Of Men & War, a new documentary set to air on Memorial Day, will show how post-traumatic stress disorder [PTSD] has left a mark on the lives of the troops who are returning from war.
Thirty percent of the 834,467 Iraq and Afghanistan war veterans, who are treated through the U.S. Department of Veterans Affairs, suffer from PTSD. As a result they can suffer from memories of the war long after they return. Some are said to end up angry, on drugs or suicidal. “Rage and anger carried me through everything,” says one veteran in the special.
The documentary will shed light on what the troops deal with long after the fight is over. Laurent Becue-Renard, the filmmaker, shows how these soldiers endure the disorder, which includes how it affects their families and themselves and how treatment can play a significant role in helping soldiers get their life back on track.
The film took 11 years to create, from 2003 to 2014 and Becue-Renard said he made this film because of his grandfathers who were in the First World War, but refused to speak on their endeavors.
“Of Men and War is my way of honoring them,” he said. “It took 11 years between my first idea for the film—when the Iraq war began in 2003—and its completion in May 2014. I spent 14 months in the therapy center and returned many times in the four years that followed. Filming therapy was a way of acknowledging people who had decided to move forward with their lives. Some days I’d leave the therapy room overwhelmed. How was I to make sense out of this mess? How could I communicate it to an audience? I became convinced that from all this mud, I could eke out rays of light. In doing so, I could find meaning for the protagonists in ‘Of Men and War’ as well as for its viewers.”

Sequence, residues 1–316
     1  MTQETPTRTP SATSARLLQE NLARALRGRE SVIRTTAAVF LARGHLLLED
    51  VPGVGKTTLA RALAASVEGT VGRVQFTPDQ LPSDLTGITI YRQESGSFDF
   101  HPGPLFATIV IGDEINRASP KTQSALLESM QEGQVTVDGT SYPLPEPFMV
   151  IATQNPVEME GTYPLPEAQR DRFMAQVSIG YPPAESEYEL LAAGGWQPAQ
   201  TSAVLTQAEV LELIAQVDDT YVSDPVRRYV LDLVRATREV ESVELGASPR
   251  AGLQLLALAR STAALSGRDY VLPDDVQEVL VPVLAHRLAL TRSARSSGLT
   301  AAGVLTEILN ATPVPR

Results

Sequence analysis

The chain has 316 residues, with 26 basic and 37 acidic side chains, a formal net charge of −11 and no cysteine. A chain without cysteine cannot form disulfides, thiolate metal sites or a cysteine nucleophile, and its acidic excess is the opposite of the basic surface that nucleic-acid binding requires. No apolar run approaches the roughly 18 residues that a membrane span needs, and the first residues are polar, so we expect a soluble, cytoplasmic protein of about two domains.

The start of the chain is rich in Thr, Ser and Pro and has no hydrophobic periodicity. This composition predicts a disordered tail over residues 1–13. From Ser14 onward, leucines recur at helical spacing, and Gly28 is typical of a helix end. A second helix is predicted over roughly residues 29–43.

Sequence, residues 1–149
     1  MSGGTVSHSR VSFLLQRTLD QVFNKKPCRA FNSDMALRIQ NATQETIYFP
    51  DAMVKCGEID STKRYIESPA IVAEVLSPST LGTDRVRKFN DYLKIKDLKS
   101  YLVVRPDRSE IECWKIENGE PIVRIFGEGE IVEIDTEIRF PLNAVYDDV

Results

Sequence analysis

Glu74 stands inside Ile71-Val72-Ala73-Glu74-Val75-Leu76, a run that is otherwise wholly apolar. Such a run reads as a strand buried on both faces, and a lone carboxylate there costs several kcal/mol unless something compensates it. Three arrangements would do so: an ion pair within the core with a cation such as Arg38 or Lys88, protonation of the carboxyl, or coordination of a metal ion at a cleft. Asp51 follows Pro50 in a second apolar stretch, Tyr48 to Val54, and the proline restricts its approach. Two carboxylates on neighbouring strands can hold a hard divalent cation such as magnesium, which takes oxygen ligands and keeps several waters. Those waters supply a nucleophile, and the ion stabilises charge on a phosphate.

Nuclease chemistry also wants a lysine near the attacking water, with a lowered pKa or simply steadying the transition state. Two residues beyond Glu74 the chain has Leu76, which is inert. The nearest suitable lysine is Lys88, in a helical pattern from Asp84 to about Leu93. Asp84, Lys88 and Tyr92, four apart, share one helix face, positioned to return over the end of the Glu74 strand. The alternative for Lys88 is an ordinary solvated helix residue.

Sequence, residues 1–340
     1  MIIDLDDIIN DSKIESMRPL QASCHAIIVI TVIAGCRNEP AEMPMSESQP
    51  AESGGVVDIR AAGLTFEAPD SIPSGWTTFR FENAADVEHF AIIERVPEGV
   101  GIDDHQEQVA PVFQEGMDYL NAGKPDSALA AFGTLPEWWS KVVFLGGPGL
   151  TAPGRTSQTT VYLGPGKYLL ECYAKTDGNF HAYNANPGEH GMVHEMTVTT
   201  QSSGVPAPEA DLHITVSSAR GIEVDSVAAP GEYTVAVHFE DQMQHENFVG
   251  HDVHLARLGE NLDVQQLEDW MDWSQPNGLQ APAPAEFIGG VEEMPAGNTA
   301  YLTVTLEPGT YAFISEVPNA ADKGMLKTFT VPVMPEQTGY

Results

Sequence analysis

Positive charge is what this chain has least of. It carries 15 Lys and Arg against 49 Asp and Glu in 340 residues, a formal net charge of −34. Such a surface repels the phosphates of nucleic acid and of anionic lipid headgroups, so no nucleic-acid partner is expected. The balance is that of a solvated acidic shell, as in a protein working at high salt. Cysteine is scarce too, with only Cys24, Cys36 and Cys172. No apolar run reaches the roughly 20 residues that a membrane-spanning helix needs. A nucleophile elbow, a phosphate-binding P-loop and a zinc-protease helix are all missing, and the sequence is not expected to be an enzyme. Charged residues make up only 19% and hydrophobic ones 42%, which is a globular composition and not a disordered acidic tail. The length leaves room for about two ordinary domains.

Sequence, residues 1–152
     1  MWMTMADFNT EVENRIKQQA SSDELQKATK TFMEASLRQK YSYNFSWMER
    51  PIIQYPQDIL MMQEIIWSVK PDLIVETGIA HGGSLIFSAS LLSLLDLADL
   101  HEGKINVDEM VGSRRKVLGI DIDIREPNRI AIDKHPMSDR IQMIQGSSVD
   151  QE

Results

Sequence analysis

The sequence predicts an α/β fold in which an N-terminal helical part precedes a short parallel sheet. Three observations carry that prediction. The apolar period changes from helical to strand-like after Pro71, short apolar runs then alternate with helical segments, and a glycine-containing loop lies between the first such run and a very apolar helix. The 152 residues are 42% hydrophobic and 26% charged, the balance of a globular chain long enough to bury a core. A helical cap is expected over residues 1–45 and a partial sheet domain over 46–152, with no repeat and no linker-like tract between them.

The war can bring about night terrors, mood swings, paranoia and rage among other side effects.
“The return to civilian life is not what they thought it would be,” said Fred Gusman, Pathway’s lead therapist, who also pioneered PTSD programs at the Veterans Administration in the late 1970s. One veteran says that he “woke up mad” and “took things out” on loved ones. “When you come back you feel like you should have died over there. It would have been a hell of a lot easier to just fall down over there and not get back up.”
“The day I came home from Iraq was the last time I saw my daughter,” said one soldier. “I was given a restraining order.”
Others expressed that even with the disorder, it’s not easy to get help. “What we have is embarrassing,” a soldier said. He continued, stating that it makes him feel “small” and “defective.”
The documentary will air as part of the POV (Point of View) series on Memorial Day, May 30 at 10 p.m. ET on PBS.